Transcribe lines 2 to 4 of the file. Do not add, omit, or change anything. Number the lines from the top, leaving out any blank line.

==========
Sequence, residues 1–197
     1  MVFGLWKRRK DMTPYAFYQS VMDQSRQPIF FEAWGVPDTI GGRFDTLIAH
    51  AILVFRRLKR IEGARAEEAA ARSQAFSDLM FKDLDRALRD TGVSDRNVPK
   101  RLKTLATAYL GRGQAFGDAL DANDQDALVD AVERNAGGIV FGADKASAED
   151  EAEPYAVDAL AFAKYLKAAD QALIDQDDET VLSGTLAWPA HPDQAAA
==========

     1  MVFGLWKRRK DMTPYAFYQS VMDQSRQPIF FEAWGVPDTI GGRFDTLIAH
    51  AILVFRRLKR IEGARAEEAA ARSQAFSDLM FKDLDRALRD TGVSDRNVPK
   101  RLKTLATAYL GRGQAFGDAL DANDQDALVD AVERNAGGIV FGADKASAED